Why doesn’t Ohm’s law hold in general form?

Ohm’s law, which states that the current through a conductor is directly proportional to the voltage across it, is a simple and useful concept that applies to many electrical circuits and devices. However, there are situations where Ohm’s law does not hold in its general form.

One reason why Ohm’s law may not hold is that the resistance of the conductor or material may change with temperature, pressure, or other environmental factors. For example, the resistance of a metal wire may increase as its temperature rises, which means that the current flowing through the wire will be less than what Ohm’s law predicts. This effect is known as thermal resistance, and it can be a significant factor in some circuits and devices.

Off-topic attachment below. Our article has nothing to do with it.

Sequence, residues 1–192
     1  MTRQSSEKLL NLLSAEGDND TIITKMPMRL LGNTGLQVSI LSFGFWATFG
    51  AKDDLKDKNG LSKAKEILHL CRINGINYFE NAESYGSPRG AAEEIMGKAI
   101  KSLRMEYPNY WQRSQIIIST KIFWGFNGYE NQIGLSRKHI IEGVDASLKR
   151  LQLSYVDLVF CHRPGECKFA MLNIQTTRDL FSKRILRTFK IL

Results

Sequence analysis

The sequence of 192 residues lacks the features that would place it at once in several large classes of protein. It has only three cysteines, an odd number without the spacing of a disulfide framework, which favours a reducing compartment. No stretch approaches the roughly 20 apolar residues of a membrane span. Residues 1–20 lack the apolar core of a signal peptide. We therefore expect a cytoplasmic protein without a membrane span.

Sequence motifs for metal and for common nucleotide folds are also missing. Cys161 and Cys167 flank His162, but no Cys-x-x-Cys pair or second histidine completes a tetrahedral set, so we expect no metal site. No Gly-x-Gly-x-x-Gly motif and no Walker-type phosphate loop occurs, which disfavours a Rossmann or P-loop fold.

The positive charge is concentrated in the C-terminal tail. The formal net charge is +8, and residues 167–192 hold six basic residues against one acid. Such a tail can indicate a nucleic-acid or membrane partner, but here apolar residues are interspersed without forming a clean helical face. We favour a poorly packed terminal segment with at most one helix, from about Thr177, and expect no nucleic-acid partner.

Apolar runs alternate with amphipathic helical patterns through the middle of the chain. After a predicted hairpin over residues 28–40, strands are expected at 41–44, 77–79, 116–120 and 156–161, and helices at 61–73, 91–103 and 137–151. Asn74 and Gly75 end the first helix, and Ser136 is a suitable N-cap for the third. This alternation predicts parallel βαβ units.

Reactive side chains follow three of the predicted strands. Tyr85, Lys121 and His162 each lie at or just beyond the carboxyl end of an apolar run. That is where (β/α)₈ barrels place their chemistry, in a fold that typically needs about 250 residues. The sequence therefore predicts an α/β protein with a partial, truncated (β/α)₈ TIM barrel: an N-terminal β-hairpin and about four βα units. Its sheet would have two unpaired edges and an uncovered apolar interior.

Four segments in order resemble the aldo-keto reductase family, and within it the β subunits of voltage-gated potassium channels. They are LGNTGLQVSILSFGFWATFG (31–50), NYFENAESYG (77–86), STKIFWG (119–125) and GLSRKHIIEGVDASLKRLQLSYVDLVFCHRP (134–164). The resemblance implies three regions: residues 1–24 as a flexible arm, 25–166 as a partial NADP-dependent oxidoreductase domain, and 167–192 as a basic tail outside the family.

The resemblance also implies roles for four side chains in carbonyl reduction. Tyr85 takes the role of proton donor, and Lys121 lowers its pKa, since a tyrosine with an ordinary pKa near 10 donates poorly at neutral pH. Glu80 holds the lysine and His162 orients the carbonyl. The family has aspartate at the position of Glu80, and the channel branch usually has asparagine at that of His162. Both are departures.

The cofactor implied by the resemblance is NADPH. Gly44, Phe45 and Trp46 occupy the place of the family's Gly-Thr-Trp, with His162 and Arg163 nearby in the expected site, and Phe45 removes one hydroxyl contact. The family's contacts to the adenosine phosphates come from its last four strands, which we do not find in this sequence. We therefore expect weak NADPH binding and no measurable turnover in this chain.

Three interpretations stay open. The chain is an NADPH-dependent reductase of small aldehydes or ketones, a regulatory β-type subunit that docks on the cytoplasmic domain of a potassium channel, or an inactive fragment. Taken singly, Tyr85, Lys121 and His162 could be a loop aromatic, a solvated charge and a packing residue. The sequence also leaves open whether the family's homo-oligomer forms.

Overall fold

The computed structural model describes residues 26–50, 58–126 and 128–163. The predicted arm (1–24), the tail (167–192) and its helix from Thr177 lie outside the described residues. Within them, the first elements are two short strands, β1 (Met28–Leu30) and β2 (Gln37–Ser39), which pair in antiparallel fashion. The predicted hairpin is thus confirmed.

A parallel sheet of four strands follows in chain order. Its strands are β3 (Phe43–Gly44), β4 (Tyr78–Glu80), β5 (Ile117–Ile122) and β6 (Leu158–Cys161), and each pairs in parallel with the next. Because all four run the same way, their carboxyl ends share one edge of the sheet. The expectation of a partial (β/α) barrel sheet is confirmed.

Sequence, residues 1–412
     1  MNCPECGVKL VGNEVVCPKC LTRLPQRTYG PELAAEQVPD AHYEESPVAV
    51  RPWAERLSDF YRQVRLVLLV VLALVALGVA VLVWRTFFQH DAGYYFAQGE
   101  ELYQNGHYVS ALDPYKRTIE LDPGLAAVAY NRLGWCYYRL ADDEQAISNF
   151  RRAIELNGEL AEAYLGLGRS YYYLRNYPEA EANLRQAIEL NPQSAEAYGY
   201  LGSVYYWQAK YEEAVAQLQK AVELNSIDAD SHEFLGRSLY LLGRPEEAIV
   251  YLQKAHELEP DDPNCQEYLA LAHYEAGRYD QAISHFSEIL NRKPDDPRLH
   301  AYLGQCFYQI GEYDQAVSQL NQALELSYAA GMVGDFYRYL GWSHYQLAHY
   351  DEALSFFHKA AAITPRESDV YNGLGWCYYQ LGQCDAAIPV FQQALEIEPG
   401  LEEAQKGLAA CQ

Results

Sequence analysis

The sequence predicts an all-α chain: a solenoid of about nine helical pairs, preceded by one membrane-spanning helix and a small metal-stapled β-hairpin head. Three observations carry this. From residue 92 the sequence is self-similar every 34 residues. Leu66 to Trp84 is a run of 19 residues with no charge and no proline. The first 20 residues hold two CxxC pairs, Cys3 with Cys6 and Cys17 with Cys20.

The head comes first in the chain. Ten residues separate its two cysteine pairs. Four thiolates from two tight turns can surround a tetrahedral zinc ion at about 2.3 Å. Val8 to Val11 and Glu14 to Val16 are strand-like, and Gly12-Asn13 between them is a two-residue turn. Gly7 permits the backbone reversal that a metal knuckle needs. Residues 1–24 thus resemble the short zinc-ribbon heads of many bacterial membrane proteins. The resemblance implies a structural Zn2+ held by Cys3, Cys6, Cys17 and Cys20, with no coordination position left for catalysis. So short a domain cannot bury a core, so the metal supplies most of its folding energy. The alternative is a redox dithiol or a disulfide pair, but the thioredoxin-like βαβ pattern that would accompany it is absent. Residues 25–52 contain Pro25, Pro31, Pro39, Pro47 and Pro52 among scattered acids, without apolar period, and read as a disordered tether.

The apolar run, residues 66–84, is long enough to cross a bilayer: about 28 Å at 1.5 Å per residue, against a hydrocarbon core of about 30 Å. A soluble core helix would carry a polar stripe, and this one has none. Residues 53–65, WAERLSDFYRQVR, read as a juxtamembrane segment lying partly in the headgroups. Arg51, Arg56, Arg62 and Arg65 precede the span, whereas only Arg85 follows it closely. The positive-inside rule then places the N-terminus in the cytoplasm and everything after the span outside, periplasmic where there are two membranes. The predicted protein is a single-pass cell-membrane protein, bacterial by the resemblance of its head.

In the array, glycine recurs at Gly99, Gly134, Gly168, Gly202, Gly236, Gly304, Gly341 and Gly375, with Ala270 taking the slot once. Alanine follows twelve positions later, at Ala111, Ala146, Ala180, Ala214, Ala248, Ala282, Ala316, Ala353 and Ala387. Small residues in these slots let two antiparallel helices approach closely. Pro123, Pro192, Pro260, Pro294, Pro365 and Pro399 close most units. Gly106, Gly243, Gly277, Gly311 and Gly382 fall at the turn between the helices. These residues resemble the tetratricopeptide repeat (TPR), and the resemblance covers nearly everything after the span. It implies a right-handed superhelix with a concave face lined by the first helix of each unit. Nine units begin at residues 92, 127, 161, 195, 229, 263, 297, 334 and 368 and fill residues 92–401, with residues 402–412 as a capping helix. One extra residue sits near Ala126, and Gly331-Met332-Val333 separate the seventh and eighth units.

Another reason why Ohm’s law may not hold is that some materials have nonlinear or time-varying resistance. In these cases, the relationship between the voltage and current is not a simple linear one, and Ohm’s law does not apply. For example, in a diode or transistor, the relationship between the voltage and current is highly nonlinear, and a different set of equations is needed to describe their behavior.